CONN CARROLL: California’s green jobs bust.
It was supposed to be the next big thing.
California built decades of broad-based prosperity from the Gold Rush, then Hollywood, then aerospace, and later Silicon Valley. At the turn of the century, “green jobs” were supposed to be the wave of the future.
“This is not just a challenge, it’s an opportunity,” then-candidate Barack Obama said during a 2008 presidential debate. “Because if we create a new energy economy, we can create 5 million new jobs, easily, here in the United States.” . . .
Wednesday, the Wall Street Journal reported that California will once again face rolling blackouts starting in 2015, thanks to the loss of conventional plants and unreliability of wind and solar energy due to weather fluctuations.
But all these new green energy programs must at least be creating thousands of new green jobs, right? Wrong. According to the best numbers from the Bureau of Labor Statistics, fewer than 2,500 green jobs have been created in California since 2010. Compare that with the more than 556,000 jobs that California has added in total since the recession ended in June 2009.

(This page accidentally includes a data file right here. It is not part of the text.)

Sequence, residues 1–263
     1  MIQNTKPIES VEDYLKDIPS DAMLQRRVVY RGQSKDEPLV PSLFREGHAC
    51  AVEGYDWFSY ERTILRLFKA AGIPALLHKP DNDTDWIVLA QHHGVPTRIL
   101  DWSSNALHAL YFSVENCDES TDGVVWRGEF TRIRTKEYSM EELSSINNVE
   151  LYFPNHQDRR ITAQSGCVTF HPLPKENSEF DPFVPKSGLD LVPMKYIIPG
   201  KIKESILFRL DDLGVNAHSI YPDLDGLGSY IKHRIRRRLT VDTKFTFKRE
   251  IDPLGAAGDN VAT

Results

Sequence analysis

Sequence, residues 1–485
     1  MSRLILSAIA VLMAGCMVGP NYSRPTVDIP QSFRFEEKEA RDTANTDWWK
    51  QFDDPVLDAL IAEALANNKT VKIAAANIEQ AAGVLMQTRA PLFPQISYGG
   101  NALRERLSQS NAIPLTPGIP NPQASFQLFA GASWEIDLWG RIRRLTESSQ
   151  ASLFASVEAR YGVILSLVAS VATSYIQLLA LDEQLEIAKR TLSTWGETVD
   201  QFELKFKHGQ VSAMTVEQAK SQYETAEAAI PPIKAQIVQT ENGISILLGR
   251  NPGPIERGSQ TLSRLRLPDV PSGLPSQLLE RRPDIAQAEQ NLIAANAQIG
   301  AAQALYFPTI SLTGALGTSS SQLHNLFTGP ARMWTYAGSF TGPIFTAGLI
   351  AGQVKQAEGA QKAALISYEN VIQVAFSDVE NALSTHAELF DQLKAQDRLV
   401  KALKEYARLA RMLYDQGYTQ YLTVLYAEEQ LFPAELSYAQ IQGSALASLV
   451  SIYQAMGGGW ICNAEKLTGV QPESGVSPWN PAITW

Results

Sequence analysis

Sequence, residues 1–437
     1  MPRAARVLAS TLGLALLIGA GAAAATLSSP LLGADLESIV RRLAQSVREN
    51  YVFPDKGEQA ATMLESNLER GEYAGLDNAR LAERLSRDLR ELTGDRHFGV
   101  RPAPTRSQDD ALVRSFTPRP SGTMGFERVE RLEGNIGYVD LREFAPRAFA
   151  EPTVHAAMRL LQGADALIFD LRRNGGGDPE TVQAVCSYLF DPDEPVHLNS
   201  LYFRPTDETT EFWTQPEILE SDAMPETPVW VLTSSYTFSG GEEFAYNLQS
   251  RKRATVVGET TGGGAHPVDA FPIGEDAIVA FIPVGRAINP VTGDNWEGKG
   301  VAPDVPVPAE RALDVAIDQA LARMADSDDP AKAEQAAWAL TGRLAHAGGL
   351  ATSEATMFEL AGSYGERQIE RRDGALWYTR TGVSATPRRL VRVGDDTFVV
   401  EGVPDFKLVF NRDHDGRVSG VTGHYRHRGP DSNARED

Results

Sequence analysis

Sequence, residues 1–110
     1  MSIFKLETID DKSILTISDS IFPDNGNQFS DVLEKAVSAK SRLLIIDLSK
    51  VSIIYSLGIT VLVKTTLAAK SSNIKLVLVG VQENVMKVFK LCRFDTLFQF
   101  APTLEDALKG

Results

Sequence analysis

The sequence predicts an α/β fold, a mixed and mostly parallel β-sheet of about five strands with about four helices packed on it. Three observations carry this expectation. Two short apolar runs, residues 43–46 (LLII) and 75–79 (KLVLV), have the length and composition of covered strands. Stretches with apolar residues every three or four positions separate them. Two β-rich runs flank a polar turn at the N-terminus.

Meanwhile, Texas, which is actively removing obstacles to private-sector development of its fossil fuel resources, has actually lost 928 green jobs since 2010. But the state has also added 612,000 total jobs since the recession ended, including more than 26,000 new jobs in oil and gas extraction alone. That total does not include a slew of other fossil-fuel-related jobs such as oil refining and natural gas distribution, nor does it include jobs that the fossil fuel industries support indirectly.
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